health care professionals

More than half of us will not have the mental capacity to make our own health care decisions at the end of our life1, yet we rarely have conversations to better prepare for this time or any time when we are unable to make our own health care decisions.

1Ontario Medical Association – Advance Care Planning: Backgrounder OMA’s End-of-Life Care Strategy April 2014

Advance Care Planning versus Health Care Consent

As health care providers, before providing treatment, you must get informed consent from the patient or from their Substitute Decision-Maker (SDM) if the patient is not mentally capable. Advance Care Planning is not consent, but good Advance Care Planning conversations prior to a health crisis can help your patients and their loved ones be better prepared to make informed health care decisions when the time comes.

Studies have shown that Advance Care Planning conversations can improve the quality of care and have a lasting positive impact on the entire family 2,3.

2Detering, KM, Hancock, AD, Reade, MC, and Silvester, W. 2010. The Impact of advance care planning on end of life care in elderly patients: randomized controlled trial. BMJ, 340:c1345

3Heyland, DK, Allan DE, Rocher G, Dodek, P, Pichora D, Gafni A. 2009. Discussing prognosis with patients and their families near the end of life. Impact on satisfaction with end of life care. Open Med, 3(20), 71-80

What is Advance Care Planning in Ontario

Advance Care Planning involves two steps:

Step 1: Deciding who will make future health care decisions for you if you are unable to – this will be your SDM.

Step 2: Discussing with your SDM (and others) your wishes, values and beliefs, and anything else that will help your SDM understand how you would like to be cared for in the event you are mentally incapable of making health care decisions for yourself.

What can I do as a Health Care Provider?

1. Introduce Advance Care Planning to your patients

64% of Waterloo Wellington residents would like to get information about Advance Care Planning from their doctor
Community Survey 2015

Encourage patients to identify their SDM

Ask your patient, who they would want to make health care decisions for them if they were unable to do so? This will be their SDM.

In Ontario there are two ways your patients can identify their SDM:

  1. Confirm their automatic future SDM from the hierarchy (a ranking list in the Health Care Consent Act)  OR
  1. Choosing someone else to act as SDM by preparing a Power of Attorney for Personal Care (a legal document)

Click here for more information about Substitute Decision-Makers.

Encourage your patients to talk with their SDM & loved ones

The best way to be prepared is for patients to discuss with their SDM (and others) their wishes, values and beliefs, and anything else that will help their SDM understand how they would like to be cared for in the event they are mentally incapable of making health care decisions for themselves.

Helpful resources to support your patients

2. Ensure you are getting informed consent from the correct person and that the SDM(s) understands their roles and responsibilities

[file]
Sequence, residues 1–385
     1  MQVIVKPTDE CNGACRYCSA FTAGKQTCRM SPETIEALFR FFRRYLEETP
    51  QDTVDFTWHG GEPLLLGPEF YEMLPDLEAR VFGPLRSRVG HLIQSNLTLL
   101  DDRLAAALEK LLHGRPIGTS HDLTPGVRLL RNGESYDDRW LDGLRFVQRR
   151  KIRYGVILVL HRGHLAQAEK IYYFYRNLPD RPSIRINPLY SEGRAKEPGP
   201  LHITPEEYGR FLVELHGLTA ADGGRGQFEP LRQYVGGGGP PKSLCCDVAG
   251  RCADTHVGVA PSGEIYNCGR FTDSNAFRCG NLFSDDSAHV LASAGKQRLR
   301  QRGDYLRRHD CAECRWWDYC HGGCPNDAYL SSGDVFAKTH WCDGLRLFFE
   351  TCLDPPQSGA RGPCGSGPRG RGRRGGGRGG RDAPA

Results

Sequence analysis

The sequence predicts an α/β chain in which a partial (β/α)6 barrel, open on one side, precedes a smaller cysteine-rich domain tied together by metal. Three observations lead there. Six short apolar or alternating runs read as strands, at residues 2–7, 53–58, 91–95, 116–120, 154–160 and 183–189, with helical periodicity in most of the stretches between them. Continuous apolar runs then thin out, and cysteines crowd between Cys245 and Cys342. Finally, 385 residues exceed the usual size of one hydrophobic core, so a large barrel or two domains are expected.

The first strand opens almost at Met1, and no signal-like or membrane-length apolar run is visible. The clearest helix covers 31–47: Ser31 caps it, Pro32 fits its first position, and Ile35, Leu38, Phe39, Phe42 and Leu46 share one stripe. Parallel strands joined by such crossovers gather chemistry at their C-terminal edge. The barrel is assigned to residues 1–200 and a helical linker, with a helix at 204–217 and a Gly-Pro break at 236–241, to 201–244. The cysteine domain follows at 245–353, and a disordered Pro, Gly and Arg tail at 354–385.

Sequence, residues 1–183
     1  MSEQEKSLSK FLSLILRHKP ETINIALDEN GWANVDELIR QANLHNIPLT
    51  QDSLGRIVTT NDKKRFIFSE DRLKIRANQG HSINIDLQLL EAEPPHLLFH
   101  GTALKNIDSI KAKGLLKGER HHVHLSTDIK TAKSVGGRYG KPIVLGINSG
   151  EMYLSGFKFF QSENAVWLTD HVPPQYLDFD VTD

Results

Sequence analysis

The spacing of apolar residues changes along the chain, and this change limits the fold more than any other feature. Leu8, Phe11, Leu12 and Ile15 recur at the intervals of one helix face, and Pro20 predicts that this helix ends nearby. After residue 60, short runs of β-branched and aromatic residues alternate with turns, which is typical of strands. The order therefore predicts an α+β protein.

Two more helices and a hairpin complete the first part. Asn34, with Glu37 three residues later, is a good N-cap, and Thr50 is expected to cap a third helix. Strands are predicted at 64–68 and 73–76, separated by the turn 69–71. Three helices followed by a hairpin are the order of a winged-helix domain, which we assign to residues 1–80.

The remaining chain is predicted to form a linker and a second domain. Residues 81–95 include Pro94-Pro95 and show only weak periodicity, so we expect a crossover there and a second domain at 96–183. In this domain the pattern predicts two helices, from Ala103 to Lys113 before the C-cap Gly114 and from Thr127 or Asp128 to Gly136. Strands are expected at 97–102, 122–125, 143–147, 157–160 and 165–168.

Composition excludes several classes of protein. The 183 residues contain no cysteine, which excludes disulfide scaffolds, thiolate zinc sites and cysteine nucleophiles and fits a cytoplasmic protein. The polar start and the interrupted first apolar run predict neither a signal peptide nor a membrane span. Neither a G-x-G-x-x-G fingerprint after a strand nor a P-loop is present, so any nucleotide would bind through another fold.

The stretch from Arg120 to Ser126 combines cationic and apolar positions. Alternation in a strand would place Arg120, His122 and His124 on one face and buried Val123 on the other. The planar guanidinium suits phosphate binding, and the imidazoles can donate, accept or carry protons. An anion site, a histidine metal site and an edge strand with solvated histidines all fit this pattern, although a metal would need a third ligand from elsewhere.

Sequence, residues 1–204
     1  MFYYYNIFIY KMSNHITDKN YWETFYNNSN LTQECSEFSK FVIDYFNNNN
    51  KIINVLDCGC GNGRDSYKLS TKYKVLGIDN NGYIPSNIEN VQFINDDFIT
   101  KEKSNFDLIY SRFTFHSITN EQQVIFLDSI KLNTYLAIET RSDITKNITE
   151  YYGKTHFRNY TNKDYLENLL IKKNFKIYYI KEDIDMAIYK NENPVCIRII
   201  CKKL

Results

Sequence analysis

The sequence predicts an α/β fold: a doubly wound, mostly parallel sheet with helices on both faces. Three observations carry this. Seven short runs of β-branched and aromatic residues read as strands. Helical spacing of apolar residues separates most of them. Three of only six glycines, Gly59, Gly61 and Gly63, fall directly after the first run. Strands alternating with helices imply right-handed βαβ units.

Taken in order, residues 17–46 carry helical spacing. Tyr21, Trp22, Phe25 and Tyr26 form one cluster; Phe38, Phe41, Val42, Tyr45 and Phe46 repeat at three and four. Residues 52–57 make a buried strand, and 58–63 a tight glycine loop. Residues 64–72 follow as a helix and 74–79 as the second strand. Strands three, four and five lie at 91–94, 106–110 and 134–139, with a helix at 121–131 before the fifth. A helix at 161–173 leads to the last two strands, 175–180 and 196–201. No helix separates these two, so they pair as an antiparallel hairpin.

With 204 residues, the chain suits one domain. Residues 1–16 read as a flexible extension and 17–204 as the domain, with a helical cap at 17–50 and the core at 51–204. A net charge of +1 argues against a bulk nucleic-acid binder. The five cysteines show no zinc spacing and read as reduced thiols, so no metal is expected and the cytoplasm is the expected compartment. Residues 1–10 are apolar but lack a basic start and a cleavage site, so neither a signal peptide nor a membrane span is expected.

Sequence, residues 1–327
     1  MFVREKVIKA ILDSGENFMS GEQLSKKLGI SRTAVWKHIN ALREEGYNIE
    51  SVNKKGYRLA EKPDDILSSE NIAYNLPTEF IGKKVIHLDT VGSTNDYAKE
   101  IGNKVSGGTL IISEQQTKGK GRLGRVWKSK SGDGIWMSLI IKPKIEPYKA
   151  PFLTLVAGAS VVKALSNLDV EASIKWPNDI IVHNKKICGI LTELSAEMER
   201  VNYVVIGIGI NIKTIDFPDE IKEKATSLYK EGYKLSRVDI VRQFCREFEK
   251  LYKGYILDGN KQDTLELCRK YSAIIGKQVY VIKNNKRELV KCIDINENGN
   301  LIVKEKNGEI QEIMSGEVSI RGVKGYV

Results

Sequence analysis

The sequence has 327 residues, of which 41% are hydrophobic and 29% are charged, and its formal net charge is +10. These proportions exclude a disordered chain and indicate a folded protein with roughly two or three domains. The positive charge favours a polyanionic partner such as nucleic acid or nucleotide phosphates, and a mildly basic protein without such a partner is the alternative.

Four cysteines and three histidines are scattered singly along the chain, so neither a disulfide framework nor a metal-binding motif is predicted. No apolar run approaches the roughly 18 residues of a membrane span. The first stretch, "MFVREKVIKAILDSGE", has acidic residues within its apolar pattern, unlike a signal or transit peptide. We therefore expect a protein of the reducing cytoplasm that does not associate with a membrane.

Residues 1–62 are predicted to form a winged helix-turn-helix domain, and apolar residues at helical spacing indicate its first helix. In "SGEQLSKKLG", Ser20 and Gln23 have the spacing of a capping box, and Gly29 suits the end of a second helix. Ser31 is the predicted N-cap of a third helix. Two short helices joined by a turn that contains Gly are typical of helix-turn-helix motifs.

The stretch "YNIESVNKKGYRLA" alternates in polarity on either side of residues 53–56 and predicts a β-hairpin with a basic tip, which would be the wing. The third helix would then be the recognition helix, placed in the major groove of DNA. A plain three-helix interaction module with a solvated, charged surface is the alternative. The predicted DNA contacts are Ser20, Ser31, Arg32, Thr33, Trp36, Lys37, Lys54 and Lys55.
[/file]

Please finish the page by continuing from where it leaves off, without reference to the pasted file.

In Ontario, health care consent must come from the patient or the SDM if the patient is mentally incapable. As health care providers it is imperative that you are getting informed consent from the correct person. Understanding the hierarchy of SDMs is the first step.

When working with SDMs, it is your obligation as a health care provider to explain to an SDM their roles and responsibilities with respect to making decisions on behalf of the mentally incapable patient.

Can anyone act as a Substitute Decision-Maker?

A patient’s SDM is the person or persons in that particular patient’s life who are the highest ranking in the hierarchy and who meet the “requirements” to act as a SDM  as outlined in the Health Care Consent Act (20.2). An SDM may give or refuse consent only if he/she is:

  1. Capable with respect to the treatment
  2. 16 years old, unless he/she is the parent of the incapable person
  3. Not prohibited by a court order or separation agreement from acting as a SDM
  4. Available (in person, by phone, text, email, Skype, etc)
  5. Willing to assume the responsibility of giving or refusing consent

How does a SDM make decisions?

Advance Care Planning conversations about wishes, values, and beliefs should help the SDM make better decisions for the patient when the patient may be mentally incapable. In making health care decisions, an SDM must make decisions the way the person would have made them.

There are two principles for giving or refusing consent on behalf of a mentally incapable person and are outlined in the Health Care Consent Act (21):

  1. If the patient previously expressed wishes that are applicable to the circumstances at hand, the SDM must give or refuse consent in accordance with these wishes
  1. If no prior wishes are known, the SDM must act in the mentally incapable person’s best interests (see section 21.2 in the Health Care Consent Act for a more in-depth description of best interests)

As health care professionals, it is important to know that a SDM is the interpreter of wishes. Living wills and advance directives are not components of health care decision making under Ontario law. These are documents containing wishes that are to be interpreted by SDMs when making a health care decision.

Helpful Resources

Below you will find some resources to help learn more about Advance Care Planning.


Presentations & Webcasts

April 2016, Substitute Decision-Making & Health Care
Presentation slides – Jane Meadus, ACE
Presentation slides– Laurie Borland, OPGT
Presentation slides– Michael Newman, CCB

September 2015 – Education Series with Judith Wahl
Acute Care session – Presentation slides & Webcast
Long Term Care session – Presentation slides
Primary Care session – Judith Wahl’s Presentation slides & WebcastDr. Jeff Myer’s Presentation slides & Webcast